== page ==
Early voting data in critical US states suggest a surge in turnout among Latino voters, in a move that could provide a major boost to Hillary Clinton's campaign.

Statistics from Florida, Nevada, Georgia, North Carolina and Arizona all show a significant increase in the "sleeping giant" of Latin-American voters in the 30 million votes already counted.

Analysts predict the effect could replicate that President Obama had on the African-American community in 2008 and 2012 who turned out in record numbers to support America's first black President. Latino voters traditionally vote Democrat and Hillary Clinton's campaign has worked hard to ensure turnout in the increasingly tight election race.

However this time, a significant part of the Latino population appears to be mobilising against Donald Trump who has pledged to build a wall along the Mexican border and characterised citizens as criminals and rapists.

How seven states could decide the election.

Early voting statistics from Florida show around one million of the 6.2 million early votes cast were by the Hispanic population. That's a 75 per cent increase from 2012, according to the New York Times.

Political scientist Daniel Smith, who has been analysing voter data in the state, said "we're headed for record turnout in Florida".

"So far, 36 per cent of the 907,000 Hispanics who have voted in 2016 didn't vote by any method in 2012. That's a full 12 points higher than whites, and will likely be the key to who wins the presidency."

Arizona has also recorded the largest increase of early voting by Latinos in any state, up 11 per cent from 2012, according to statistics from Catalist.

Nevada has also seen a rise in turnout which drove Democrats to an early lead of 72,000 that proved enough to worry Nevada's Republican Chairman Micael McDonald who suggested polls were kept open late to allow a "certain group" to vote. Hispanics account for 28 per cent of Nevada's population.

It prompted Donald Trump to echo his previous claims about the election being "rigged" pointing to problems at "certain key Democratic polling locations".

"Folks, it's a rigged system. It's a rigged system. And we're going to beat it," he said, according to Politico reports.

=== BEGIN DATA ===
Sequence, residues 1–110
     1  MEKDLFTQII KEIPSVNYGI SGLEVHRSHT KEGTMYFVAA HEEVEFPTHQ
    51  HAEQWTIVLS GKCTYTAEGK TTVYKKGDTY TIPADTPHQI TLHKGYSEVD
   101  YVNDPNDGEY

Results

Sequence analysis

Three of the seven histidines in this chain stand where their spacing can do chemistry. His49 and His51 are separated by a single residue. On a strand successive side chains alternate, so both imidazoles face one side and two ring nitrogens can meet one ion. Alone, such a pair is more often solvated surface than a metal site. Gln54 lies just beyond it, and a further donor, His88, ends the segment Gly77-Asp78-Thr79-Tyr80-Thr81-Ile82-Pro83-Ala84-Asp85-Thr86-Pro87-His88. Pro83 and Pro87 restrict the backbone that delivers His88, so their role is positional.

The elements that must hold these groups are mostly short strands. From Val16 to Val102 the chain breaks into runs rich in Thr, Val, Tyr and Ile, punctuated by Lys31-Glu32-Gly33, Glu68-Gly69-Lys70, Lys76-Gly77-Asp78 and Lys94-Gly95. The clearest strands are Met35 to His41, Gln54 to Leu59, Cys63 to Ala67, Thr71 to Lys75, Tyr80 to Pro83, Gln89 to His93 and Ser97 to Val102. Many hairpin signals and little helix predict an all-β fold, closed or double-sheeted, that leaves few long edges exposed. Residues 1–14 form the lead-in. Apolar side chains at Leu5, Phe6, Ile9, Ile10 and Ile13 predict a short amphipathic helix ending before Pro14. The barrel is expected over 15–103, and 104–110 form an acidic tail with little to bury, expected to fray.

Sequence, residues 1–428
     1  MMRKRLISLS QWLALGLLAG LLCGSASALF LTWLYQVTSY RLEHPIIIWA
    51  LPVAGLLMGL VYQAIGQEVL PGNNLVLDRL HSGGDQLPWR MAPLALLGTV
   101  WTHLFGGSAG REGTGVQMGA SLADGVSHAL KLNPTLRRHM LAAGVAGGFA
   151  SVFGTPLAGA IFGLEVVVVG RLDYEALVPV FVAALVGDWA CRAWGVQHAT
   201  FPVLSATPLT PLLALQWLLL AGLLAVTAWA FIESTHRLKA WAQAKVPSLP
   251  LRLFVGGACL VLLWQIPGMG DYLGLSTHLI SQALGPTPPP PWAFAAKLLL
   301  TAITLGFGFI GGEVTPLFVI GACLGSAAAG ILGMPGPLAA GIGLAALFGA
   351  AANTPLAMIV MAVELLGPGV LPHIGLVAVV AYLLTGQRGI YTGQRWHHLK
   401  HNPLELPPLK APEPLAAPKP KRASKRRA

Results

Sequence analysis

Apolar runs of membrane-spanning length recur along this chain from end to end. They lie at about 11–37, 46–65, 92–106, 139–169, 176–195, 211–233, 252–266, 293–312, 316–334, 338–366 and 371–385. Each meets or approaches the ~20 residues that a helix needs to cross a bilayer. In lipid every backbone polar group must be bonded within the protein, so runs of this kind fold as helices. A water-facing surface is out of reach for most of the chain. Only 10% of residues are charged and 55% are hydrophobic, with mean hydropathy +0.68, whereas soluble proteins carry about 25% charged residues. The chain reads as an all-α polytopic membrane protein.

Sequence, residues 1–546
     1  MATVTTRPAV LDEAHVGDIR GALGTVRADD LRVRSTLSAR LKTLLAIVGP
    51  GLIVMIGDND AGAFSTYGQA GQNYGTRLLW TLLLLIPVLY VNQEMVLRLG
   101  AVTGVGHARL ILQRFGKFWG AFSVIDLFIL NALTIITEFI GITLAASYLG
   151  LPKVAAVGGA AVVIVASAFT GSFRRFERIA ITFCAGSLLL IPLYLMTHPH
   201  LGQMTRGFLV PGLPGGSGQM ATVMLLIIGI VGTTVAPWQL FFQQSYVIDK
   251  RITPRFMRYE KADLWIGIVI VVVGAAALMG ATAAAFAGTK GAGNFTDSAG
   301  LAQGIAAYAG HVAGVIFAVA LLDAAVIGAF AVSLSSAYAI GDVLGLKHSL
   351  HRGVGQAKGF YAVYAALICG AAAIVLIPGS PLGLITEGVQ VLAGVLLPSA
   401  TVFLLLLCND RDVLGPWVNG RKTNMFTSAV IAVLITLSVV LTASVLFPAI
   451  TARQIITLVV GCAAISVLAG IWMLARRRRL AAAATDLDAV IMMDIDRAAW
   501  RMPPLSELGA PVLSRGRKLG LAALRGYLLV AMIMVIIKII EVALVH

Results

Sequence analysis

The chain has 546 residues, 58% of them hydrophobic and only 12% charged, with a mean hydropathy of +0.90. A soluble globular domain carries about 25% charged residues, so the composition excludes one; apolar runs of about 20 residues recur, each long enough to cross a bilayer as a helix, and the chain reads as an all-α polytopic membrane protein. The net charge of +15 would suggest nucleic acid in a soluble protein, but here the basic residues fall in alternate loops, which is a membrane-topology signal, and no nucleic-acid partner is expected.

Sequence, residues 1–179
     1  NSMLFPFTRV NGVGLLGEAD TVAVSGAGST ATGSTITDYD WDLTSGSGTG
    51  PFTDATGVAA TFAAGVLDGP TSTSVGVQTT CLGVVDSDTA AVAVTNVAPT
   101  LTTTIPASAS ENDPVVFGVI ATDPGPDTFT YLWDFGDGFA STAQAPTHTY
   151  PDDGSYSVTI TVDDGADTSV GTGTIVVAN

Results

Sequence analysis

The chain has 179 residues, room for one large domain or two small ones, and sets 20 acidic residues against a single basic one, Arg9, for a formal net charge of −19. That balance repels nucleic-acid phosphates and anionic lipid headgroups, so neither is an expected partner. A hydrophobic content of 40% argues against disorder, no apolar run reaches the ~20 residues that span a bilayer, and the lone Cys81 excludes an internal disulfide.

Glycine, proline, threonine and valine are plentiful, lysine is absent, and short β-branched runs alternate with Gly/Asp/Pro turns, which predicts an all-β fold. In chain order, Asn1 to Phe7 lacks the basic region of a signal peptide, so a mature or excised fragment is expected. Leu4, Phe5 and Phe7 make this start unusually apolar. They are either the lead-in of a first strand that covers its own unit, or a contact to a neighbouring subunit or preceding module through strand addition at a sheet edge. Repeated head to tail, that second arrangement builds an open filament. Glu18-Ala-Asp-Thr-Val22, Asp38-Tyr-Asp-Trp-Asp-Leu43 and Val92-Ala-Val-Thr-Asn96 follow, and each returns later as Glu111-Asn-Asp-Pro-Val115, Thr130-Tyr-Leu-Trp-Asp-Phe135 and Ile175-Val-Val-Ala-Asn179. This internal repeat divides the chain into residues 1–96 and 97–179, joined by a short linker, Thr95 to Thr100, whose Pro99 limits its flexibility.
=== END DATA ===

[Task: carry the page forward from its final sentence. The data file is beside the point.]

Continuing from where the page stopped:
There are more than 57 million Latinos in the US, who also make up one of the fastest growing populations, according to the Pew Research Centre. The top Latino states by population are California, Texas, Flordida, New York, Illinois and Arizona.


However Trump is also expected to tap into a similarly disaffected power base - working class whites who are tipped to turnout in larger numbers than ever before after becoming energised by his unorthodox campaign. The Republican primary has already led to an increase in turnout to 15 per cent from 11 per cent for years ago.

Restaurant worker Isabel Garcia, 36, said she would be voting this time because it was "a lot more personal than other elections.

"I have the power of my voice so I have to enforce my voice and come out and vote for the people who can't do it," she told the Associated Press.

Great-grandmother Enriqueta Burciaga de Lucero, 88, from Mexico will vote for the first time after living in the US for 30 years.

"I've seen on the television that he's bad," she said in Spanish about Trump in a recent interview, "and the woman is good and helps the people."

In Florida, some Cubans are split between Republicans and Democrats, torn between Trump's policies towards Cuba and his racist attacks.

"Donald Trump says a lot of stupid things," said Carlos Padron, 61. "He is a racist and as a Latino I do not agree with him because he is attacking my people."

But Padron points to the other 50-odd players at the park and says, "none of them will admit it, but most of those who are here will vote for him."